– It is difficult to determine the reason for this gender difference, but a theory could be the severity of the previous diseases, "says Eleonor Fransson, epidemiologist from the University of Jönköping School of Science.
READ MORE: All You Need To Know About Stress
Men More Affected by Stress than Women
Although women are overrepresented in burnout statistics, men who have experienced long-term stress and earlier are suffering from diabetes or cardiovascular disease are much more sensitive to the effects of stress. Women's stress must be long-lasting, but it does not affect them in the same way in the long run.
When we get stressed, the first thing that happens is that the sympathetic nervous system is triggered. It causes stress hormones to be excreted in the body, especially adrenaline. The pulse increases and blood pressure increases, we feel more awake. The brain also reacts and metabolism is affected. Cortisol, also known as the stress hormone, increases in the blood.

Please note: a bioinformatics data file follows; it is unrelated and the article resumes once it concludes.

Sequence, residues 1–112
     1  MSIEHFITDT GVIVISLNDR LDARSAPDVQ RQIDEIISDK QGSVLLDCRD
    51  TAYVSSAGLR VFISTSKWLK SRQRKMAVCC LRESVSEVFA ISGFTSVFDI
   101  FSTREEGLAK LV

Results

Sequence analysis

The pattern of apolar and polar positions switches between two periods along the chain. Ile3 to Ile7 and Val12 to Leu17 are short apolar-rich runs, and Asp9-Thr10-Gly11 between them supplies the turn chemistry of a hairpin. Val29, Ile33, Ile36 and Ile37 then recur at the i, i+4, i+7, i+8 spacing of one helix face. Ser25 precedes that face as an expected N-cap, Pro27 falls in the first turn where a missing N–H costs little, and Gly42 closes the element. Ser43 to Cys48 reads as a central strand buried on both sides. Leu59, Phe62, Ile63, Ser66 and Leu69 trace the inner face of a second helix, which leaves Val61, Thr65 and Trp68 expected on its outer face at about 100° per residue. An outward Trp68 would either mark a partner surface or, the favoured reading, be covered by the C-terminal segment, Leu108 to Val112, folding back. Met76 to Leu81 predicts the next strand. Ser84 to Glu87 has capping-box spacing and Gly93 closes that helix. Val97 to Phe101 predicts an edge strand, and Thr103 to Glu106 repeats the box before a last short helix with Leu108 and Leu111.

Follow-up after 14 years show clear results
The findings, which some Swedish researchers are behind, are published in the renowned journal Lancet Diabetes and Endocrinology. According to the results, the risk is higher for premature death if one is man and plagued by stress. 100,000 men and women from Sweden, Finland and France, among other things, responded to the question of how they experienced stress. After 14 years, a follow-up was performed and it turned out that men have a 70% increased risk of dying prematurely.